Here's Bill and Bernardine being interviewed in Colorado; hence all the interest in Ward Churchill's claim to have taught the Weatherman people how to make bombs from the questioners. I do like the opening quote though from Ayers, revealing his unrepentant Marxism:
Asked how he feels about capitalism, Ayers replies, "Hate it. Do you want me to elaborate the point? Death to capitalism!"
Here's Ayers, Dohrn, Jeff Jones and Kathy Boudin (who later participated in the Brinks robbery that left two policemen and a security guard dead) in a documentary they made in 1975. It may seem comical at certain points, but it is important to realize that these people were deadly serious.
Bill talks an at SDS reunion at Michigan State. Note the "Cuba" baseball jersey:
Update: Michelle Malkin has a links-rich post on Ayers and Dohrn. Lots of info here; this story ain't going away.
The Washington Post runs an article on the legendary John McCain temper. They admit that (with the exception of the ridiculous Bumiller exchange) that it has not surfaced during this election. But get this bit:
During the early 1990s, McCain telephoned the office of Tom Freestone, a governmental official little known outside Arizona's Maricopa County. McCain had an unusual request. He wanted Freestone, then chairman of the Maricopa County Board of Supervisors, to reject a job applicant named Karen S. Johnson, whose last governmental position had been in the office of a former Arizona governor and who had just interviewed for a position as an aide in Freestone's office.
According to two employees in the office, McCain told Freestone that the applicant's past political associations left her carrying unflattering baggage.
The pair of Freestone staffers thought it odd that a U.S. senator would even know that Johnson had applied for a job in their office, let alone that he had taken time out of his workday to pick up a phone and weigh in on a staffing matter so removed from the locus of Washington power. But McCain's disenchantment with Johnson was personal: A few years earlier, he had an angry exchange with her while she was the secretary for Republican Arizona Gov. Evan Meacham, who was impeached and forced out of office for campaign finance violations.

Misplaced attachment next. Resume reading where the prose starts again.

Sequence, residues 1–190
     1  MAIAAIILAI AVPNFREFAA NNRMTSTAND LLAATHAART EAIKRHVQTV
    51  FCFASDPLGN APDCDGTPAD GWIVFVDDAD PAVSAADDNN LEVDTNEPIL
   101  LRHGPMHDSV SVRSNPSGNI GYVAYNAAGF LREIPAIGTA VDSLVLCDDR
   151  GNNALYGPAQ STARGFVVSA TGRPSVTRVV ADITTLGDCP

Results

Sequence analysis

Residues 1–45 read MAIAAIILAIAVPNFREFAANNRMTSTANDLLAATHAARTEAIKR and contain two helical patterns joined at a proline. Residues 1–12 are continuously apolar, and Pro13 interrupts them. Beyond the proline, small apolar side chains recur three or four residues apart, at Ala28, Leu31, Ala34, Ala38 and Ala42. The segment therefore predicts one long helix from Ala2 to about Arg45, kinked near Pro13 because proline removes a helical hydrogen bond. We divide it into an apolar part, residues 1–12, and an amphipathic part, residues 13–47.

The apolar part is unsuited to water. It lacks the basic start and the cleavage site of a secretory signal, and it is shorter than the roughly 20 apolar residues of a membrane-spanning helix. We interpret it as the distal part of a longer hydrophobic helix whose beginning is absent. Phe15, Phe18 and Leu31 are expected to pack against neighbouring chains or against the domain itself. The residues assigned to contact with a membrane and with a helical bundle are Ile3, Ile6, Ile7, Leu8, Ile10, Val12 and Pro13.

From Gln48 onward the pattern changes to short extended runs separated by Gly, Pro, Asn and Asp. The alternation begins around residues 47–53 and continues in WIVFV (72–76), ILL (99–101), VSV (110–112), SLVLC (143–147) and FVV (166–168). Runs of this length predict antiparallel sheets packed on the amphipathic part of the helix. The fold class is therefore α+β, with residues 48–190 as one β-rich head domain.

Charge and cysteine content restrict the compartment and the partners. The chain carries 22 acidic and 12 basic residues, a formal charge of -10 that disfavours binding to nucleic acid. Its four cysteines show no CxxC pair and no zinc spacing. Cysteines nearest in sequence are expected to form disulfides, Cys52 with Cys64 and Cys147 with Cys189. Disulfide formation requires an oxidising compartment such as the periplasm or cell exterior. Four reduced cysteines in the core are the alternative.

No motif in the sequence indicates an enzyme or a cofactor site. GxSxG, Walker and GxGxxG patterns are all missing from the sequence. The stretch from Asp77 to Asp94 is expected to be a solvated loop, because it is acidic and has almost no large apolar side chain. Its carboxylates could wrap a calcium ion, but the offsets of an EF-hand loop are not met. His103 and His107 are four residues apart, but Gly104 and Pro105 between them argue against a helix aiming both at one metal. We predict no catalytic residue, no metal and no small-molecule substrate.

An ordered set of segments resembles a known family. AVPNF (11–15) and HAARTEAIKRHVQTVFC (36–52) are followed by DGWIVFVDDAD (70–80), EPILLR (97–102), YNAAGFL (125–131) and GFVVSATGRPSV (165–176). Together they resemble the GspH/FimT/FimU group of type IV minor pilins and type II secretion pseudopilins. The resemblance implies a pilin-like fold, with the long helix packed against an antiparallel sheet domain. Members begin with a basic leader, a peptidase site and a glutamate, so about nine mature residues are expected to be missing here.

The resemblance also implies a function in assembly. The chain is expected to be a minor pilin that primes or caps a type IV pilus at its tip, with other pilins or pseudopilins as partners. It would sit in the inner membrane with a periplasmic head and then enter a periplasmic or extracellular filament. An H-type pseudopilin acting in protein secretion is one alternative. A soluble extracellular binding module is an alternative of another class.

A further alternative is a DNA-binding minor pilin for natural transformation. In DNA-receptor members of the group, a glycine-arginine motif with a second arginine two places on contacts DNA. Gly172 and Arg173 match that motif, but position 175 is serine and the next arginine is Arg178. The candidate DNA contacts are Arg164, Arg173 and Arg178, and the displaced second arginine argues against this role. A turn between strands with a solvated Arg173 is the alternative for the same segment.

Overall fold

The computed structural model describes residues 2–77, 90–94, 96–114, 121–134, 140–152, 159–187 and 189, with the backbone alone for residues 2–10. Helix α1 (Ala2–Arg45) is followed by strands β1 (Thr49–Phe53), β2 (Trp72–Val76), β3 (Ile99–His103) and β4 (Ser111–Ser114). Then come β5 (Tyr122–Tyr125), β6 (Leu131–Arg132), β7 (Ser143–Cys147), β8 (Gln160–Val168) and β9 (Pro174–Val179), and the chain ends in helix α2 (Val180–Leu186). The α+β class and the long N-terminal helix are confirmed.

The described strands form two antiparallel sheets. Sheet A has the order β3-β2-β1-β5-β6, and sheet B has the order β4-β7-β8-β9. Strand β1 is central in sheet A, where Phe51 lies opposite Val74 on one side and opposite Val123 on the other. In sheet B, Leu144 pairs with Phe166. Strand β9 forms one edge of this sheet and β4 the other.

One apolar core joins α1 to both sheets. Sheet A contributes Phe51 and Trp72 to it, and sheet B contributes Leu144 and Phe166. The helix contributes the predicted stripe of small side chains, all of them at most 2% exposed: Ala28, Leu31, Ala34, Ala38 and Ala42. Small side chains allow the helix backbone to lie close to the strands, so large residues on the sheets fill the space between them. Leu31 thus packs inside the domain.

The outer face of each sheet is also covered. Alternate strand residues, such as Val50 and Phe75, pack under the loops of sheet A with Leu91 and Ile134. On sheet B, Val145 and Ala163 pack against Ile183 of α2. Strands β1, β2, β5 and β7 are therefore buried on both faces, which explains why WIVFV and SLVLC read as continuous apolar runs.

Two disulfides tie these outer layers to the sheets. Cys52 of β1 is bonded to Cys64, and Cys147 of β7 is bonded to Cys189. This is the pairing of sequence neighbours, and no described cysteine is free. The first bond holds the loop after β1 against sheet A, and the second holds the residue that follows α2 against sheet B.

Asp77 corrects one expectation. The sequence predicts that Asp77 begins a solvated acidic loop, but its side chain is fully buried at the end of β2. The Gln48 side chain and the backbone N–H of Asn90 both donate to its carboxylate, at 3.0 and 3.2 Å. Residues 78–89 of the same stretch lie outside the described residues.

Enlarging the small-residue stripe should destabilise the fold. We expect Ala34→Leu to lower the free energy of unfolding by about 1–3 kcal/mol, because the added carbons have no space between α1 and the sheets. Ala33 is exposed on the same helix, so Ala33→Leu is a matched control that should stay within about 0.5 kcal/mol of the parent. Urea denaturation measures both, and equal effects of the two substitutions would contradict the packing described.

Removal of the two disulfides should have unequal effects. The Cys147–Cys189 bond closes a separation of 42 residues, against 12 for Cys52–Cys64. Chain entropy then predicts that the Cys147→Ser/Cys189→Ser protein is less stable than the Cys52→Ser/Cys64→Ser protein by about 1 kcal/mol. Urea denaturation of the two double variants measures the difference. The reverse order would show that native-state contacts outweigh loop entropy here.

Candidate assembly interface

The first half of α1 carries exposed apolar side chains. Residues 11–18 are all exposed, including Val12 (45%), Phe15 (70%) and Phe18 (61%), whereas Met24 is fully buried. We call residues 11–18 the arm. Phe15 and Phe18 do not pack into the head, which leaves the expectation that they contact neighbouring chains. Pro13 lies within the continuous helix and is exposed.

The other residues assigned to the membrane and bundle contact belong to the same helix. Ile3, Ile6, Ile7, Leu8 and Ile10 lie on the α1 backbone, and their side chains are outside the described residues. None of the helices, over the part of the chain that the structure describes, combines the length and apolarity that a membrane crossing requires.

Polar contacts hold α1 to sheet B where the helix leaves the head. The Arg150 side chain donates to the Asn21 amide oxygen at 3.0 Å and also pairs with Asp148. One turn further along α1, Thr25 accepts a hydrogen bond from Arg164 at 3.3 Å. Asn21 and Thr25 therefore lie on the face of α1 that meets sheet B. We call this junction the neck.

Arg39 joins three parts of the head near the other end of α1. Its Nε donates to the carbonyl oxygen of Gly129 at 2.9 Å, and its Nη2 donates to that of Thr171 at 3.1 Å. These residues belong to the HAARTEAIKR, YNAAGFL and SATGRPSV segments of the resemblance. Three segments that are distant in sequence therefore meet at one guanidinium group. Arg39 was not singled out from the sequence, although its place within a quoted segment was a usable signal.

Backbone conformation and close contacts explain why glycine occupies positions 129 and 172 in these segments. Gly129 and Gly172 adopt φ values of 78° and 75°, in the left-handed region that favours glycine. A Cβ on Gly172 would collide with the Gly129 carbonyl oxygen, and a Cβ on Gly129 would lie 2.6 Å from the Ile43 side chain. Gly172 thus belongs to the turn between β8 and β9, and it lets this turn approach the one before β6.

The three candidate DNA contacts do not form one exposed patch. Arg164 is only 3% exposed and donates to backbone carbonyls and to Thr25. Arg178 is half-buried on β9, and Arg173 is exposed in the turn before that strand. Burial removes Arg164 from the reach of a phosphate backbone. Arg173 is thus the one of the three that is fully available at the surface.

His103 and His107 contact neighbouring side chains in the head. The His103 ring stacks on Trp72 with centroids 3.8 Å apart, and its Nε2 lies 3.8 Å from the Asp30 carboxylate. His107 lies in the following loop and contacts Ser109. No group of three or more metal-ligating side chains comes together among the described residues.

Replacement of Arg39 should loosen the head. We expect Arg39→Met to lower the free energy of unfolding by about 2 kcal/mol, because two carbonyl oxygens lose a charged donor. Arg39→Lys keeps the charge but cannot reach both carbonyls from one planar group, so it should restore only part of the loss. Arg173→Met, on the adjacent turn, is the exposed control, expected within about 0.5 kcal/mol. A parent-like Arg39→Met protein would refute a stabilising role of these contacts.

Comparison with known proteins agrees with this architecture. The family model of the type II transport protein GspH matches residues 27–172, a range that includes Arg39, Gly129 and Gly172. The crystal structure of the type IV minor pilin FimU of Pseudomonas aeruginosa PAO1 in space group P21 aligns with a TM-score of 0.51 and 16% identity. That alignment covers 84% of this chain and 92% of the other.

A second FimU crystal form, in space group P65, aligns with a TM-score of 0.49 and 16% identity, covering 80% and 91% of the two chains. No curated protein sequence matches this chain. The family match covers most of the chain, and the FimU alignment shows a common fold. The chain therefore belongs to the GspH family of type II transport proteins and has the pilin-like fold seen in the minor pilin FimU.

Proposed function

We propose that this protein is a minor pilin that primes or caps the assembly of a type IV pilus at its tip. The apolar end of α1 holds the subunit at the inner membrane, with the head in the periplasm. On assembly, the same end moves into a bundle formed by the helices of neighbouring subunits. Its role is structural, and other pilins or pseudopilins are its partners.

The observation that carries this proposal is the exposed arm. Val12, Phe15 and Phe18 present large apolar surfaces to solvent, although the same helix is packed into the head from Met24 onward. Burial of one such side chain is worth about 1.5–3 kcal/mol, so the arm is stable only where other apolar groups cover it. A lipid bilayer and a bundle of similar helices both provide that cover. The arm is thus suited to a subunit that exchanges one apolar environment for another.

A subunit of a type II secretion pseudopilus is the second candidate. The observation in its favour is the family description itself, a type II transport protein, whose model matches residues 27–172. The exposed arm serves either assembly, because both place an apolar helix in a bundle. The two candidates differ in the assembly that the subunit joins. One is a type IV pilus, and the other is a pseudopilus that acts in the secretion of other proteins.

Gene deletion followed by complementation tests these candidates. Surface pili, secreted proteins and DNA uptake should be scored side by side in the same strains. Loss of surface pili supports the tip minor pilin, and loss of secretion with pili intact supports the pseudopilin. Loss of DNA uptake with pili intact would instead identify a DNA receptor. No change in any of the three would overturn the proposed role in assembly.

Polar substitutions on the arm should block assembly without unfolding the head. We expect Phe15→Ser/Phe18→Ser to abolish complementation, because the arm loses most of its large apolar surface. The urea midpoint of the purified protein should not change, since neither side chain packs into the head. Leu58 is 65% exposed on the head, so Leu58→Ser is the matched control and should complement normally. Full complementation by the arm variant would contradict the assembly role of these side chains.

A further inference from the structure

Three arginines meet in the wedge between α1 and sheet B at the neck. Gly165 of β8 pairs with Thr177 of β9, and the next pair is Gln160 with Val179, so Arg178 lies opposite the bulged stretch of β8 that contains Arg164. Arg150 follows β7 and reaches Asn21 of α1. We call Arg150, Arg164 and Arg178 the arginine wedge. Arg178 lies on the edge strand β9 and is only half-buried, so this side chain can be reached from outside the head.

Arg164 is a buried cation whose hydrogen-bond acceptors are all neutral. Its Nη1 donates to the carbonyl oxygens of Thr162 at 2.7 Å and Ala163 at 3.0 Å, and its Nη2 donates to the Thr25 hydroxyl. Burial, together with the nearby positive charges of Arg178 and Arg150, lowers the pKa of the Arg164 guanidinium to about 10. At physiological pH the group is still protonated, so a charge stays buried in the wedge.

Around the time of Meacham's ouster, Johnson said, McCain paid a visit to him. Johnson recalled that McCain swiftly used the opportunity to lecture Meacham: "You should never have been elected. You're an embarrassment to the [Republican] Party."
A stupefied Meacham just stared at the senator. An indignant Johnson, as she tells the story, snapped at McCain: "How dare you? You're the embarrassment to the party."
As Johnson and another person working in Freestone's office remember, the surprised supervisor told Johnson about McCain's objections to her. "But I'm hiring you anyway," Freestone told her.
For Johnson, McCain's call raised questions as to whether he bore a lasting animosity against anyone who ever challenged him. "Everyone in [Freestone's] office thought it was all ridiculous . . . and petty," remembers Johnson, a devout Republican conservative who today is an Arizona state senator.
Hoo-boy. Karen S. Johnson is indeed a buffoon, and her boss was an embarrassment to the Republican Party, so much so that the Republicans themselves impeached the dolt. Let's talk a bit about Karen S. Johnson. She chaired Pat Buchanan's 1996 run in Arizona. She's a North American Union fruitcake:
Karen Johnson was named worst legislator of the year in 2002 by the Arizona Republic for abusing her authority as House Rules Chair to hold up bills. Karen is a big believer in marriage, she's been married five times so far. She has also sponsored legislation that would make it harder to get divorced.
“Ron Paul has been my hero for decades. I applaud his integrity as well as dedication to the principles of our sacred Constitution. Congressman Paul’s matchless service to our country and unparalleled devotion to the ideals of freedom and liberty, which this country used to represent, is noble beyond words.”
So yes, she's got a little baggage that might be considered a tad unflattering.